scutaro getty

Why did the Red Sox dump Marco Scutaro and his salary?

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I’m among the people confused by Boston’s move to dump Marco Scutaro and his $6 million salary on the Rockies for a marginal minor leaguer in Clayton Mortensen, in part because Scutaro was hardly overpaid and in part because the Red Sox’s in-house options to replace him at shortstop are so underwhelming.

It still doesn’t make much sense to me, but Alex Speier of WEEI.com offers a few details that explain the situation somewhat.

For instance, Speier notes that because of the wording of Scutaro’s contract the Red Sox would have taken a sizable luxury tax hit if they’d simply declined his 2012 option, so instead they exercised the option and then dumped him on the Rockies (who have no such luxury tax concerns).

There’s been plenty of speculation that the Red Sox shed Scutaro’s salary in order to make a run at Roy Oswalt and in the meantime they sliced nearly $8 million in money as it’s counted against the luxury tax. Speier reports that the Rockies were the only team willing to take on Scutaro’s entire salary.

As for why they’d trade Scutaro without having a good shortstop replacement waiting in the wings–particularly after parting with Jed Lowrie earlier this offseason–Speier points to the fact that he’s 36 years old, somewhat injury prone, and perhaps declining defensively. And for now at least the Red Sox feel more comfortable than you might expect with a time share between Mike Aviles and Nick Punto.

Whether or not all that adds up to the Scutaro salary dump being a smart move by the Red Sox is another issue–I’d still vote no, certainly–but at least it makes a little more sense than it did at the time.

Red Sox could go to arbitration hearing with Fernando Abad

BOSTON, MA - SEPTEMBER 16:  Fernando Abad #58 of the Boston Red Sox pitches against the New York Yankees during the ninth inning at Fenway Park on September 16, 2016 in Boston, Massachusetts.  (Photo by Maddie Meyer/Getty Images)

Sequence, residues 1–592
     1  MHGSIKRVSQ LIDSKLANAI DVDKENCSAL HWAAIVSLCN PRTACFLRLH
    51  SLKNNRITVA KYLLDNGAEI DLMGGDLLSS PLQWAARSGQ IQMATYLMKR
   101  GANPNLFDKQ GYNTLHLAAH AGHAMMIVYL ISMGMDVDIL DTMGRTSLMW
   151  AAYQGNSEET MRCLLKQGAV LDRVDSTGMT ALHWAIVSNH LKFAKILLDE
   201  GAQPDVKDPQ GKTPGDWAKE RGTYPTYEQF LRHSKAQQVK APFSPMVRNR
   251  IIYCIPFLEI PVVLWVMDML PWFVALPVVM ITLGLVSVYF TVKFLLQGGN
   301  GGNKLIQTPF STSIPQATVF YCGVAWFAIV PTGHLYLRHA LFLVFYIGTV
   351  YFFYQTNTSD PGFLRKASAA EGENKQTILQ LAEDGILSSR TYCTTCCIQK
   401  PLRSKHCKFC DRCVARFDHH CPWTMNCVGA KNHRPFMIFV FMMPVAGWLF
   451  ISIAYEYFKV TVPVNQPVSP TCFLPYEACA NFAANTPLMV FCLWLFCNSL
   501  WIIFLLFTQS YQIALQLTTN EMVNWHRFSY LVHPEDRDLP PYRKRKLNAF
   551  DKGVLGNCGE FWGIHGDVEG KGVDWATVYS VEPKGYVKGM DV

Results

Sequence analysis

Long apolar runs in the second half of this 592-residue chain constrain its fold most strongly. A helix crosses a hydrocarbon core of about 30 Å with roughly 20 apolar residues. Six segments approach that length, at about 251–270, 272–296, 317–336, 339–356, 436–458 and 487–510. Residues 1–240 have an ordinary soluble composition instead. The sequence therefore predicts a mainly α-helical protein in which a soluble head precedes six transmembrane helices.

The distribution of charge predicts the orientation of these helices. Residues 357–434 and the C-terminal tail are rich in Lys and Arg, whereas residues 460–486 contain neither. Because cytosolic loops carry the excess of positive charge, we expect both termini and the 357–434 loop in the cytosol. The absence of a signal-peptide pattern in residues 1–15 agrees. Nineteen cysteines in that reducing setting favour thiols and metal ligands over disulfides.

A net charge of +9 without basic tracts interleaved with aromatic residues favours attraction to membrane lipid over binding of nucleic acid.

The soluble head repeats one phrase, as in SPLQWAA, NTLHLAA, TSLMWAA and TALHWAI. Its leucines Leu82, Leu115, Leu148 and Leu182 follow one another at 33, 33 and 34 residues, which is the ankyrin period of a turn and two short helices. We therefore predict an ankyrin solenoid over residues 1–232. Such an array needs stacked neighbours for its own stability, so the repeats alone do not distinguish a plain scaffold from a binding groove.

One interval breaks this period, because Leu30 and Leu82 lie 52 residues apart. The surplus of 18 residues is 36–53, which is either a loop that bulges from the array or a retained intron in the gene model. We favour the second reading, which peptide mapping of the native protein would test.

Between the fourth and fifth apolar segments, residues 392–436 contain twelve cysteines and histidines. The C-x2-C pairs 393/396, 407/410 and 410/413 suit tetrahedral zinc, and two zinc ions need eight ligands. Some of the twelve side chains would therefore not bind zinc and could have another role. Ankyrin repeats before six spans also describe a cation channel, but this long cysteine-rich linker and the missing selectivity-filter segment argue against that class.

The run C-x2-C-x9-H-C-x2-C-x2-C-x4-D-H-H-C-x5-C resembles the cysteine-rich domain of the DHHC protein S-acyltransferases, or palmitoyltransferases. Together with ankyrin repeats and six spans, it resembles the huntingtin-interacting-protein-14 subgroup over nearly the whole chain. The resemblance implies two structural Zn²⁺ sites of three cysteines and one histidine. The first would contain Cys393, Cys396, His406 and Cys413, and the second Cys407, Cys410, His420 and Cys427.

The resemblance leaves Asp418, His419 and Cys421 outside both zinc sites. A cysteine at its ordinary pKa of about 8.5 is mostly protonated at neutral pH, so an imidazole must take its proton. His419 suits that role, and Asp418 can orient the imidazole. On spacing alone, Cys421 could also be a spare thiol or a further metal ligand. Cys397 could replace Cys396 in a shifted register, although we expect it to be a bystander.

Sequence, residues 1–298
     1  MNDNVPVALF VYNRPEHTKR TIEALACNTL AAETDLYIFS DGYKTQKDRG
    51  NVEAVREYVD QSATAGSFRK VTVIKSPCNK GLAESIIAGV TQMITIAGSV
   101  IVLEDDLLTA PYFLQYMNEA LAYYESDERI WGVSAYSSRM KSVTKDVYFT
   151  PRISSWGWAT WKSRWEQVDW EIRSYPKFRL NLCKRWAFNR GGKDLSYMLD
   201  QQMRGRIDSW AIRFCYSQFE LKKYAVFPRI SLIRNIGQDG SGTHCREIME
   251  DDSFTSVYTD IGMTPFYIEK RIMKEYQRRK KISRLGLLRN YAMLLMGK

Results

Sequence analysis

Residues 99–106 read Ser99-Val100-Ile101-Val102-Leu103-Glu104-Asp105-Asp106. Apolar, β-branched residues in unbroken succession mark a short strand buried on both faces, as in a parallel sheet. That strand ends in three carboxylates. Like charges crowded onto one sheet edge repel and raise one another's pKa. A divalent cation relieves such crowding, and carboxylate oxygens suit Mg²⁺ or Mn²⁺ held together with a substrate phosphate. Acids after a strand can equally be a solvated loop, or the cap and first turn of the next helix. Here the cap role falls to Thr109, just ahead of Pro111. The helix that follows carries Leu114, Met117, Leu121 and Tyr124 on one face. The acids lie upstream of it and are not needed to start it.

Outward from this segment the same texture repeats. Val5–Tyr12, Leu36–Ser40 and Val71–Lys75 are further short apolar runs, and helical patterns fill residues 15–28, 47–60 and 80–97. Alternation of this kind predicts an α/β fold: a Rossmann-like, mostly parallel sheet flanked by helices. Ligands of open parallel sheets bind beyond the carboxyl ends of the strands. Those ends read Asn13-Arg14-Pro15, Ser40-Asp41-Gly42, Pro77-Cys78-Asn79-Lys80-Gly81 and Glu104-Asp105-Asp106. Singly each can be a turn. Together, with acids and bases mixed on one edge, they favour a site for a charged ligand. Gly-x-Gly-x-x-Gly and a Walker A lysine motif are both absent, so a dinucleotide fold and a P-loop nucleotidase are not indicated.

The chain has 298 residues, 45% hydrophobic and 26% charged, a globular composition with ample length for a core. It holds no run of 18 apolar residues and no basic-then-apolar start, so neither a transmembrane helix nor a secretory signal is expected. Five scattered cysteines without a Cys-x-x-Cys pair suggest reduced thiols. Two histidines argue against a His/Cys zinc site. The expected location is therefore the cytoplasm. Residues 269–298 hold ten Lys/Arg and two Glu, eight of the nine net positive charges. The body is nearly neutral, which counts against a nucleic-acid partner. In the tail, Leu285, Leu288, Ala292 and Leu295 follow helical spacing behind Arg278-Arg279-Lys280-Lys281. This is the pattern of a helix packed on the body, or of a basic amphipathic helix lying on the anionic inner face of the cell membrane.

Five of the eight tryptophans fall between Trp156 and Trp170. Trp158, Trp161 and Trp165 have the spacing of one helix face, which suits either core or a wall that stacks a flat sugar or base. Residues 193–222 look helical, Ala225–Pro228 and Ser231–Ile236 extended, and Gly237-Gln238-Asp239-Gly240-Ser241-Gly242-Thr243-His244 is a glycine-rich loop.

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The Red Sox are expecting to go to an arbitration hearing with left-handed reliever Fernando Abad, per Pete Abraham of the Boston Globe. Red Sox president Dave Dombrowski said there was a “decent chance” a hearing would be necessary after countering Abad’s $2.7 million request with $2 million.

Abad, 31, pitched just 12 2/3 innings for Boston after the club acquired him from Minnesota at the trade deadline last season. The lefty earned a cumulative 3.66 ERA, 4.2 BB/9 and 7.9 SO/9 for the two teams in 2016. He received $1.25 million in 2016 and will remain under club control (through arbitration) in 2017. A $2.7 million salary would be a hefty increase for the veteran reliever, who has seen a significant decline since he put up a 1.57 ERA for the Athletics in 2014 and who has not amassed more than 0.6 fWAR in any single season to date.

While the Red Sox aren’t close to settling with Abad, Evan Drellich of the Boston Herald reports that they may be closing in on a settlement with left-handed starter Drew Pomeranz. Pomeranz filed at $5.7 million, while the Sox felt more comfortable at $3.6 million. The two are expected to meet somewhere in the middle to avoid an arbitration hearing later this winter.

Report: Braves sign Kurt Suzuki

KANSAS CITY, MO - AUGUST 20: Kurt Suzuki #8 of the Minnesota Twins hits against the Kansas City Royals at Kauffman Stadium on August 20, 2016 in Kansas City, Missouri. (Photo by Ed Zurga/Getty Images)
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The Braves reportedly have a deal in place with free agent catcher Kurt Suzuki, per Chris Cotillo of SB Nation. FOX Sports’ Ken Rosenthal adds that the contract is for one year, $1.5 million with up to $2.5 million in additional incentives.

Suzuki, 33, completed a three-year track with the Twins in 2016, slashing .258/.301/.403 with eight home runs in 373 PA. The veteran backstop likely won’t provide an offensive or defensive upgrade over current starter Tyler Flowers, but should give the Braves some depth at a position they’ve been looking to strengthen since the start of the offseason.

The team has yet to confirm the deal.